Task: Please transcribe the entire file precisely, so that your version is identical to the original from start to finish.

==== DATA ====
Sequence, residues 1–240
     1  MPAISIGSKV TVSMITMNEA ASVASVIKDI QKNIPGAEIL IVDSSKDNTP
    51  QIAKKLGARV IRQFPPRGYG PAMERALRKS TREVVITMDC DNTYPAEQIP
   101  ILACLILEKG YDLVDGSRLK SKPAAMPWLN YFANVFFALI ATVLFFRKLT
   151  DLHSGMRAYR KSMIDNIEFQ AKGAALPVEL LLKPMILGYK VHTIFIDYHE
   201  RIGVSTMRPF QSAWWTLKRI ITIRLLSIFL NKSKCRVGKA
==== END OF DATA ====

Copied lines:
Sequence, residues 1–240
     1  MPAISIGSKV TVSMITMNEA ASVASVIKDI QKNIPGAEIL IVDSSKDNTP
    51  QIAKKLGARV IRQFPPRGYG PAMERALRKS TREVVITMDC DNTYPAEQIP
   101  ILACLILEKG YDLVDGSRLK SKPAAMPWLN YFANVFFALI ATVLFFRKLT
   151  DLHSGMRAYR KSMIDNIEFQ AKGAALPVEL LLKPMILGYK VHTIFIDYHE
   201  RIGVSTMRPF QSAWWTLKRI ITIRLLSIFL NKSKCRVGKA